On January 21, United States and Cuban officials met in Havana to begin discussing reestablishing diplomatic relations between the neighboring nations.
Reestablishing relations would allow for some trading to resume, travel policies to be loosened, and for business interaction between the United States and Cuban citizens and institutions.
The United States enacted the embargo on October 19, 1960, following the removal of the Batista regime by the Cuban revolution, leading to communist leader Fidel Castro’s rise to power as well as the Cuban missile crisis of 1962. While the initial sanction allowed only movement of food and medicine, the full embargo, cutting off all imports, was placed on February 7, 1962.
Following the embargo, Castro’s Cuba formed a strong relationship with the Soviet Union, enemy of the United States leading up to, and during, the Cold War. This relationship between the two communist nations prevented the U.S. from Cuban affiliation.
Politicians and citizens have debated the effectiveness of the Cuban embargo for many years.
Some feel that the embargo benefits neither the U.S. nor Cuba and no longer has any effect in Cuba.
“If you keep on doing what you have always been doing, you are going to wind up getting what you already got. We are not hurting the Cuban government; we are hurting the Cuban people. It is time for a different policy,” said U.S. senator Michael Enzi (R-WY) in 2008.
Recent years have seen a stronger U.S. support for a changed relationship.
A 2009 Gallup poll of Americans showed 61 percent support reestablishing relations.
A poll taken by Florida International University in June 2014 illustrates an even stronger Cuban support, as it showed 79 percent Cuban-American support in southern Florida, and 73 percent nationwide.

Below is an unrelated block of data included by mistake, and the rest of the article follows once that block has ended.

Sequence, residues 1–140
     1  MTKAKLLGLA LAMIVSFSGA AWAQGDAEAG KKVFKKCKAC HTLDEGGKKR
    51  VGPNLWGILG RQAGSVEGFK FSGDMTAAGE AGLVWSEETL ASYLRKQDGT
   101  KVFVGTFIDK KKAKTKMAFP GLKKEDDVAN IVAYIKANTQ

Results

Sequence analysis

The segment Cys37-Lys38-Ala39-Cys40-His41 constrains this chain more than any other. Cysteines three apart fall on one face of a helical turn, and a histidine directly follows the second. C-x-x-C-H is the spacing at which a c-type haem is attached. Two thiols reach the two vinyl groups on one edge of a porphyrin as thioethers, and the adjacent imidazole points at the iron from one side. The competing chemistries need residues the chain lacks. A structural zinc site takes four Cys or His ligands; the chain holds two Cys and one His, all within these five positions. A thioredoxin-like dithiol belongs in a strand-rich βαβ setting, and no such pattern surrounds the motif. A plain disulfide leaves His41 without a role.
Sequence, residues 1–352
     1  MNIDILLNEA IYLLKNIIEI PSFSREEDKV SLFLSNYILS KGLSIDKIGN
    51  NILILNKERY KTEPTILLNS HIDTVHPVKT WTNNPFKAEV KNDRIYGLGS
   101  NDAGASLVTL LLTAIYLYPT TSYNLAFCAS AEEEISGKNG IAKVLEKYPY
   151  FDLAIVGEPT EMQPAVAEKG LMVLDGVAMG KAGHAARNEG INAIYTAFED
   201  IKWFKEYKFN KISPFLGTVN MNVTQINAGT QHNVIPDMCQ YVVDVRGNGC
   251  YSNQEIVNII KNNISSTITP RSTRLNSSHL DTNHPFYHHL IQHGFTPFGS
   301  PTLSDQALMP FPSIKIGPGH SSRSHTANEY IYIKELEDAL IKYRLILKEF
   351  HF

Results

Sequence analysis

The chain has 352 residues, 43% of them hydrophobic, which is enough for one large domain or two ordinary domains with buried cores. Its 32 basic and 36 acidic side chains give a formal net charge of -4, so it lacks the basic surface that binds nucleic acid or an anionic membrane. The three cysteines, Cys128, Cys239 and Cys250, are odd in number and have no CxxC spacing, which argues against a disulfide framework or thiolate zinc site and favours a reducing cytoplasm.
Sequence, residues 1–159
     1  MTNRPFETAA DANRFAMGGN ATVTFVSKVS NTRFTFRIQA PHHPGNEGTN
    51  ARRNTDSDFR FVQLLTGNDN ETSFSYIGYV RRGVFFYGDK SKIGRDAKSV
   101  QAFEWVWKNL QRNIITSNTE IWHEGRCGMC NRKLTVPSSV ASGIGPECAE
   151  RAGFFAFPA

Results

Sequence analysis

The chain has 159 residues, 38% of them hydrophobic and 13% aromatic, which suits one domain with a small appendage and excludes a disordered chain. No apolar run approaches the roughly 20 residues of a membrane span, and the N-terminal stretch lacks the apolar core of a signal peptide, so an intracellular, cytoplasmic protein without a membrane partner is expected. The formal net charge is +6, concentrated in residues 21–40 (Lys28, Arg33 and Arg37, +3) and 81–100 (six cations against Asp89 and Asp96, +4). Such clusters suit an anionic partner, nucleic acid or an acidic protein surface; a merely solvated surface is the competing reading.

The negotiations have, however, sparked criticism from Americans and Cuban-Americans alike, and have received opposition from congress.
“The president’s actions on Cuba have severely undermined the law because he has essentially recognized the Cuban government as legitimate,” said Republican Representative Carlos Curbelo.“The United States has offered one of the most generous immigration laws perhaps in history, and certainly that is being abused systematically.”
Many Cuban nationals feel the new relations would largely benefit the corrupt Cuban government more than the poor populous.
When interviewed by the Voice, Felipe Truttie, who was permitted to immigrate to the United States as a refugee on the Mariel boatlift of 1980, presented his knowledge of the real Cuba.
“Cuba’s embargo is an embargo on its own people, not between the government and the United States.” said Truttie. “As long as the government controls everything, the people will not receive the benefit.”
“All this is going to do is give the Castro regime, which controls every aspect of Cuban life, the opportunity to manipulate these changes to perpetuate itself in power,” said Senator (R-Fl) Marco Rubio in a recent hearing.
The new relations would also allow for travel restrictions to be lifted.
The 2.2 million Cuban-American population, making up 0.6 percent of the U.S. population, largely depend on their ability to travel to their home country to provide for their families who still live there.
While those Cuban-Americans often have a specialized visa to visit their country, the corruption of the Cuban government, according to Truttie, extends to travel restrictions as well.
“I get a new visa every two years, and every two years I have to pay another $200,” said Truttie. “The government is very good at finding ways to make money.”
The President’s proposed policy changes will continue to be argued in Congress in the coming months.
“[The new relations] could do a lot of good for the Cuban people, but I’ll believe it when I see it,” said Truttie.